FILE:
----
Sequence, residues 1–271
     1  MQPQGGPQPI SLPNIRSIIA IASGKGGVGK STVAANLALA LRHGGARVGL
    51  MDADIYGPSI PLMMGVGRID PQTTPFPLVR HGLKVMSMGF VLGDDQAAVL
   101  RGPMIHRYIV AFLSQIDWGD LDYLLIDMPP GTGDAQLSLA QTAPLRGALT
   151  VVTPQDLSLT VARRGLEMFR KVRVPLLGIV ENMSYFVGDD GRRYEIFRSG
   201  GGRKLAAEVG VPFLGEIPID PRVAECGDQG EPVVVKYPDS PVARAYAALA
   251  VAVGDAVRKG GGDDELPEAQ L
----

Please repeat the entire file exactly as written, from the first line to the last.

Sequence, residues 1–271
     1  MQPQGGPQPI SLPNIRSIIA IASGKGGVGK STVAANLALA LRHGGARVGL
    51  MDADIYGPSI PLMMGVGRID PQTTPFPLVR HGLKVMSMGF VLGDDQAAVL
   101  RGPMIHRYIV AFLSQIDWGD LDYLLIDMPP GTGDAQLSLA QTAPLRGALT
   151  VVTPQDLSLT VARRGLEMFR KVRVPLLGIV ENMSYFVGDD GRRYEIFRSG
   201  GGRKLAAEVG VPFLGEIPID PRVAECGDQG EPVVVKYPDS PVARAYAALA
   251  VAVGDAVRKG GGDDELPEAQ L